A male Varied Thrush killed by a window strike (all the photos of dead birds are from one troublesome, big windowed building). (Image: Brendan McGarry)
Have you ever walked or run into something unexpectedly, like a truck mirror or a sign-post you didn’t see? It’s unpleasant at best. I vividly remember walking out a sliding door at party to visit a keg, turning to go back in after filling my cup, only to collide face-first with the glass door conscientiously slid shut behind me. I got away with a bloody nose. A lot of birds in our mirror-finished built landscape aren’t so lucky (and can’t blame beers on the incident).
According to a study released in 2014, scientists at the Smithsonian and the U.S. Department of Fish and Wildlife, found that between 365 and 988 million birds are killed each year by collisions with buildings. While this range is large, even the conservative end is startling. With this mind, think if you’ve ever found a dead bird on the Hill? No doubt the majority of us have, at our home, work, or simply walking down the street.
I don’t bring this up to be alarmist, but because there are options available to reduce impacts, even on an individual level. Continue reading
In the early hours of Friday morning, many residents of the Pine-Olive-Way-Howell-Area-Triangle were going through a night most of us can only imagine in our worst nightmares: no electricity, no TV, no internet. CHS visited the streets of the neighborhood to check out the darkness and found a heroic effort underway. Continue reading
(Image: Dreamboyz Espresso)
The ladybug red and spots are gone. The ladies are gone, too. Starting Friday the 13th, Broadway’s only drive-thru bikini coffee shack is stuffed with men.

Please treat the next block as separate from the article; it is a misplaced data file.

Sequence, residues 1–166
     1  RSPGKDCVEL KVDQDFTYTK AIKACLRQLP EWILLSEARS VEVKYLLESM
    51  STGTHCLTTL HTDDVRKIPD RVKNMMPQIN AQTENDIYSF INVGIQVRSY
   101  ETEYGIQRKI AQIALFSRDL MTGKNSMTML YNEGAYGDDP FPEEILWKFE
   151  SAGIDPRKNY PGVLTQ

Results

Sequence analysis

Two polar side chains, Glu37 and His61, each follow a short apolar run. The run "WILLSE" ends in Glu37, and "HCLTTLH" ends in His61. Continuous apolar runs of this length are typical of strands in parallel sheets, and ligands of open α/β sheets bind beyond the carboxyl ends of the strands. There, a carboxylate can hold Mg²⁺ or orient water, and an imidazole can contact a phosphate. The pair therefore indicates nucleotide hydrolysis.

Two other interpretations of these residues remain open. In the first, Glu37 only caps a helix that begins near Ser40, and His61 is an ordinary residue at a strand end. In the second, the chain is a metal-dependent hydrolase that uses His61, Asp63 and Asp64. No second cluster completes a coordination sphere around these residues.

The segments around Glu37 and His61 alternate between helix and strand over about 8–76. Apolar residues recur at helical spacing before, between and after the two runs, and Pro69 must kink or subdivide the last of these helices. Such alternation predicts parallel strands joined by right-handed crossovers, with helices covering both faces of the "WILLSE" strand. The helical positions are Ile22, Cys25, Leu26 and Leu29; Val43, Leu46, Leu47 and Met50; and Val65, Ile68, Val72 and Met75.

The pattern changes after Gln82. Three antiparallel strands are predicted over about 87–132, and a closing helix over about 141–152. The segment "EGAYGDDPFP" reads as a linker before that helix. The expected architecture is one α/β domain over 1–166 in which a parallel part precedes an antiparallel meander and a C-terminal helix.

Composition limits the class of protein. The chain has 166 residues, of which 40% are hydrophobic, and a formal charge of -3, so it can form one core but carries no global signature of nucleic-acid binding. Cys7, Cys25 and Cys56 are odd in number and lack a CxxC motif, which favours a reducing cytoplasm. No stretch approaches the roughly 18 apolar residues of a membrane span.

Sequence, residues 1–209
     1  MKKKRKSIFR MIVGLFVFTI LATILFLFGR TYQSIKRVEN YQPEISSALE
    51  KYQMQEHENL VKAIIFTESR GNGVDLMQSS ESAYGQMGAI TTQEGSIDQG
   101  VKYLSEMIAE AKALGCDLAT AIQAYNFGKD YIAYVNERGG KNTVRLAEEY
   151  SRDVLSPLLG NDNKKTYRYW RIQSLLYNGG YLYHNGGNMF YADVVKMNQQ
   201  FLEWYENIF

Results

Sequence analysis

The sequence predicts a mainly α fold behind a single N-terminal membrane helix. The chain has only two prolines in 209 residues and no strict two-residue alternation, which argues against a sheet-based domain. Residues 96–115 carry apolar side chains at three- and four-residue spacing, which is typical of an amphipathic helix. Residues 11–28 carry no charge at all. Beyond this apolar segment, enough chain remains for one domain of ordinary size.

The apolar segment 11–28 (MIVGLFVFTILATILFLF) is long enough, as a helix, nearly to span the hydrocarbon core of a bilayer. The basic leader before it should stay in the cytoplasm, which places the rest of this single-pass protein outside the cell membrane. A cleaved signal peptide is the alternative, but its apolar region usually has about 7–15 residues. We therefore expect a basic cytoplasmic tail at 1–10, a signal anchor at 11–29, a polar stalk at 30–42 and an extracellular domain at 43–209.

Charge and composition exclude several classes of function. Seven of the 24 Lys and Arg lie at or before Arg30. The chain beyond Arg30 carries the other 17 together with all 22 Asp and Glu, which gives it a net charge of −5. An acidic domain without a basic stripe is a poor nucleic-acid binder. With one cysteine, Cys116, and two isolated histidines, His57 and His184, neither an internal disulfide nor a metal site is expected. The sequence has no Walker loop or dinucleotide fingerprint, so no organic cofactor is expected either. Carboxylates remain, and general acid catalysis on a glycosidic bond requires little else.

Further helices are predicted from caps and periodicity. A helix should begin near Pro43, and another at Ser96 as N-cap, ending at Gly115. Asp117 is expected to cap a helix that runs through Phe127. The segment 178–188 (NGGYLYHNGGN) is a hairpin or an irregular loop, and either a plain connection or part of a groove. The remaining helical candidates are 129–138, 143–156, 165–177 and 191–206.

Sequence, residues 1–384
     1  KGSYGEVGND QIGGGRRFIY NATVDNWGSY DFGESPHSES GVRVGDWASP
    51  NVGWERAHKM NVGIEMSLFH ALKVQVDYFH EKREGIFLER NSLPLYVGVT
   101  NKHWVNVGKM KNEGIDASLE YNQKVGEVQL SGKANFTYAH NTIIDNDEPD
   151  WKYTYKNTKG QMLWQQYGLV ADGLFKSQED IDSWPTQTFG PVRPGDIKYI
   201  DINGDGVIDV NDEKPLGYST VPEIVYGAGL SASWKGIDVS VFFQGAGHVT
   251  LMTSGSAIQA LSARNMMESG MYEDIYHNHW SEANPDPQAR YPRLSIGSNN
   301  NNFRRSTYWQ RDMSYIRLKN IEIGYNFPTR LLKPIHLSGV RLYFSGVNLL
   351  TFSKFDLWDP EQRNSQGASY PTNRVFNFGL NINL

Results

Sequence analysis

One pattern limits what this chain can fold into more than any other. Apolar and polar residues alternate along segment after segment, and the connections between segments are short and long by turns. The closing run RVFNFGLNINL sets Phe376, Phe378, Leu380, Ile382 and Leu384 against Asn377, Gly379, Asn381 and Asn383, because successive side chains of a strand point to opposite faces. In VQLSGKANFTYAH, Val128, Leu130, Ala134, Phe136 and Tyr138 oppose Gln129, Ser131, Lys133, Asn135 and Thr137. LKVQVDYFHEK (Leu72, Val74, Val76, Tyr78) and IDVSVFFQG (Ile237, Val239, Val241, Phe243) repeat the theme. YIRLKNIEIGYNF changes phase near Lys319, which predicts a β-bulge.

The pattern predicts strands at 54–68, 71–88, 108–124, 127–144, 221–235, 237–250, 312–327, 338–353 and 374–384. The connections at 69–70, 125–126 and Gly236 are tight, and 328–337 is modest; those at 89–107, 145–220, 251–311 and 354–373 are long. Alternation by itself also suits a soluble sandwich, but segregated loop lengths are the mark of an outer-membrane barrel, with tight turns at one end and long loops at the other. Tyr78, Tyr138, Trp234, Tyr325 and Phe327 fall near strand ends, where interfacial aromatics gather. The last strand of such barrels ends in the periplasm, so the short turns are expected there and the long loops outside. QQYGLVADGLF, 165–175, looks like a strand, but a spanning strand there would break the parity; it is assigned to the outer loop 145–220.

“We tried to do the bikini thing but unfortunately it just didn’t work,” a representative for the Ladybug Espresso bikini barista chain tells CHS, “even though there wasn’t any competition in a direct radius.” Continue reading
Last summer, the replacement of a Nagle Place mural of Kurt Cobain sparked a wave of nostalgia for a Capitol Hill that never was. First, the work had only been in place for half a year. Second, the muralist was a famed London street artist promoting a show at a Pioneer Square gallery. And third, the work was replaced with another by local artist and prolific Capitol Hill muralist Weirdo.
Nevermind all that.
Now the London artist, that Pioneer Square gallery, again, credit union BECU, and Capitol Hill’s Everyday Music have teamed up for a nostalgic flipside to the removed original. Continue reading
Growing up in Guadalajara, Angelica Villasenor was the only one of her seven siblings who hated to cook. When Villasenor’s father opened a Mexican restaurant in Kent and asked her and her siblings to help out, she secured a bartending position and let her siblings take care of the cooking roles. Now, her Capitol Hill restaurant D’ La Santa is getting ready to begin its third year of business with an expansion plan that will put that bartending experience to good use.
D’ La Santa is getting ready to add a new catty-cornered bar and six-table patio to its 10th Ave E location. Along with the bar comes an addition of authentic Mexican cocktails and new food items including handmade traditional and green tortillas made with Poblano peppers.